Jobseeker Regime and Flexible New Deal (JRFND) Evaluation
January 2009 to December 2013
Background, summary and aims
Background, Scope and Aims
The consortium will deliver comprehensive support for the development of the JRFND implementation and the evaluation research, as well as provide robust evaluation evidence and rigorous reporting of that evidence. The research will have four different strands that complement and enrich each other. These include: (i) a Process Study, which combines qualitative and quantitative evidence on JRFND to inform the impact analyses, with provider research conducted by PriceWaterhouseCoopers UK and IFF Research conducting customer surveys to inform the process study and impacts (ii) quantitative impact analyses, with advice from Professor Jeff Smith (iii) cost-benefit analysis works together with Professor David Greenberg (iv) syntheses of evidence. A final component of this evaluation is advisory support from MDRC.
PSI provides overall evaluation leadership and management, conducting the impact analyses of administrative and survey data, the cost-benefit analyses, and syntheses of evidence, and a majority of the qualitative work in the process study.
The Jobseekers Regime and Flexible New Deal is an ambitious and complex set of policy interventions. The revised Jobseeker’s Regime and Flexible New Deal (JRFND) will be rolled out in two phases, the first from April 2009 and the second from April 2010. The Jobseeker’s Regime will be delivered by Jobcentre Plus and the Flexible New Deal by external providers. Further details of the reforms are set out in the Command Paper ‘Ready for Work: Full-time employment in our generation’ (December 2007). This project provides research to evaluate the reforms to the Jobseeker’s Allowance regime and the modernisation of the New Deals.
The consortium will deliver comprehensive support for the development of the JRFND implementation and the evaluation research, as well as provide robust evaluation evidence and rigorous reporting of that evidence. The research will have four different strands that complement and enrich each other. These include a Process Study, quantitative impact analyses, cost-benefit analyses works and syntheses of evidence.
Understanding what it takes to implement and to operate the new programmes and the best practices for doing so are among the important questions that the process study will try to answer. The process study of the evaluation is indispensable to making sense of the impact analysis. However encouraging it may be to find, for example, high rates of exit to employment for those who enter FND, it will be of limited use if we do not really understand why and how the providers are achieving this goal. Similarly, finding that customers at different stages of the JRFND fail to out-perform customers on the other regimes, or that employment outcomes were significantly higher in certain sites or for certain subgroups, will also create a need to try and understand why. The process study, accessing a wide range of data, will help provide this understanding. It will also help account for the cost of the programme. In conducting the process study, we aim to break into the ‘black box’ – the set of factors and forces that lie behind the impact findings but that often remain a mystery.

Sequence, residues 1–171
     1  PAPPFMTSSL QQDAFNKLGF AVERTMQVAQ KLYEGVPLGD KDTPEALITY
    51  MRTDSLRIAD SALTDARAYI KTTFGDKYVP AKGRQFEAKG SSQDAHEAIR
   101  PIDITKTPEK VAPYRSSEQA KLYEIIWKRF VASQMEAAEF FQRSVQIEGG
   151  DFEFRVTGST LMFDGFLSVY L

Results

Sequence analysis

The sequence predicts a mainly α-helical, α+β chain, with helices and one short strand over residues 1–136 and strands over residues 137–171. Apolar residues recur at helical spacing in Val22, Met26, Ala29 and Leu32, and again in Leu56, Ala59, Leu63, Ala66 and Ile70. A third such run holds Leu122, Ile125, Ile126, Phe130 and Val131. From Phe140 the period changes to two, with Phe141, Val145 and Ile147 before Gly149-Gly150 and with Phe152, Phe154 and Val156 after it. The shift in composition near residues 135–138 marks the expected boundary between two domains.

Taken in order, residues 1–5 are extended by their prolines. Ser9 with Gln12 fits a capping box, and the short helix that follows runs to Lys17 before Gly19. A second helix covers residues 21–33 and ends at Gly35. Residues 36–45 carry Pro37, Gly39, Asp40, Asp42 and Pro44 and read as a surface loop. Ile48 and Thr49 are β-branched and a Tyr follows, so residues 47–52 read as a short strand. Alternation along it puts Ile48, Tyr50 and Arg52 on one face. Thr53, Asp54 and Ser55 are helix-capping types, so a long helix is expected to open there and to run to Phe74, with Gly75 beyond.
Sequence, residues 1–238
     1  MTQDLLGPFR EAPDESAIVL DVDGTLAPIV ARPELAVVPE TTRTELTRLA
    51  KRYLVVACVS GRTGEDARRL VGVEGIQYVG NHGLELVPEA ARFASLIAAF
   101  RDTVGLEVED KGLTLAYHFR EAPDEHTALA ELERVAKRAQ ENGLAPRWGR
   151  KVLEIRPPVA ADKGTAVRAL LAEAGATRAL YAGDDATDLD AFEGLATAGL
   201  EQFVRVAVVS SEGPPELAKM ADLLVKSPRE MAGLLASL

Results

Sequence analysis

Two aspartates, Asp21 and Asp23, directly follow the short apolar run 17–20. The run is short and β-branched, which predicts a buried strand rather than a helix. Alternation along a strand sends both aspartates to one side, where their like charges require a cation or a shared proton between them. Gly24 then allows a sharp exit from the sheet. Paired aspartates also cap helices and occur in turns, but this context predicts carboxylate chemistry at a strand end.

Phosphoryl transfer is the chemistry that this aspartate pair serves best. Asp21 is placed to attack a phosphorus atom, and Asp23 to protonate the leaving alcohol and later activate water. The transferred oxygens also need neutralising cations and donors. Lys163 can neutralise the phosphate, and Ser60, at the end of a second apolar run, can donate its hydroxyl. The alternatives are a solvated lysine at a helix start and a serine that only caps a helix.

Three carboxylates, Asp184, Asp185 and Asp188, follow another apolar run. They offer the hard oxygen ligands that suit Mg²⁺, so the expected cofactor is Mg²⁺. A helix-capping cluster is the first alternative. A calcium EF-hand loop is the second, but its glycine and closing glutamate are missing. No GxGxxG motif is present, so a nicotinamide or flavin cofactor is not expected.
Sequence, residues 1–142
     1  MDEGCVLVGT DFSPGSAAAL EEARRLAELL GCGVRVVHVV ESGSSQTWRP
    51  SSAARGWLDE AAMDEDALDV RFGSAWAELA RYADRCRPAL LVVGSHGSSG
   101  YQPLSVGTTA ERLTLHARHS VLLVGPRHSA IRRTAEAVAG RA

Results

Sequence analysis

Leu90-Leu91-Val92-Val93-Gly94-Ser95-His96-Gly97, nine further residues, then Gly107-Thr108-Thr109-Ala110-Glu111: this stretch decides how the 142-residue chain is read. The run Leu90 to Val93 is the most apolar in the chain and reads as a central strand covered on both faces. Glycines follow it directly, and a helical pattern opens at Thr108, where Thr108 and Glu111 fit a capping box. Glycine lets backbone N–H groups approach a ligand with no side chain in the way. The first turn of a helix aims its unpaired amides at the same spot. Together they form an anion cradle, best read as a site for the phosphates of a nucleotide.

We are proposing to undertake a comprehensive evaluation of implementation and operational issues, and to integrate the findings thoroughly and creatively with the other evaluation evidence. The impact analyses will provide robust evidence of whether JRFND affects outcomes and the cost-benefit analyses will examine whether the costs are offset by these benefits.
Importance of Research
The evaluation will test the extent to which JRFND leads to additional employment outcomes for individuals in this client group and the cost effectiveness with which this is done. The evaluation will be a challenging and high profile project, which is heightened by the UK labour market environment of a recession and expansion of Jobseekers numbers with rising unemployment.